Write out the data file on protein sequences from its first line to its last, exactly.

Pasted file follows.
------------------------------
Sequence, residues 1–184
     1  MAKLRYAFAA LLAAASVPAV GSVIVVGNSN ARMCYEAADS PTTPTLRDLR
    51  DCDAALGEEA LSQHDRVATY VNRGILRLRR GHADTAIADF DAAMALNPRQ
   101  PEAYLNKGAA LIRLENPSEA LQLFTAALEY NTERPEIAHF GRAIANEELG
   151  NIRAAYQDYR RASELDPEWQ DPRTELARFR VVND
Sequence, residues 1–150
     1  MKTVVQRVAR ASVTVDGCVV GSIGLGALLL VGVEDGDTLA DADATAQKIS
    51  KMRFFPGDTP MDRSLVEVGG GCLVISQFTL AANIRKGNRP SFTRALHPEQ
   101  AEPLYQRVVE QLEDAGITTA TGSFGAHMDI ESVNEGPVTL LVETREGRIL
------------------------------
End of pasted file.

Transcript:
Sequence, residues 1–184
     1  MAKLRYAFAA LLAAASVPAV GSVIVVGNSN ARMCYEAADS PTTPTLRDLR
    51  DCDAALGEEA LSQHDRVATY VNRGILRLRR GHADTAIADF DAAMALNPRQ
   101  PEAYLNKGAA LIRLENPSEA LQLFTAALEY NTERPEIAHF GRAIANEELG
   151  NIRAAYQDYR RASELDPEWQ DPRTELARFR VVND
Sequence, residues 1–150
     1  MKTVVQRVAR ASVTVDGCVV GSIGLGALLL VGVEDGDTLA DADATAQKIS
    51  KMRFFPGDTP MDRSLVEVGG GCLVISQFTL AANIRKGNRP SFTRALHPEQ
   101  AEPLYQRVVE QLEDAGITTA TGSFGAHMDI ESVNEGPVTL LVETREGRIL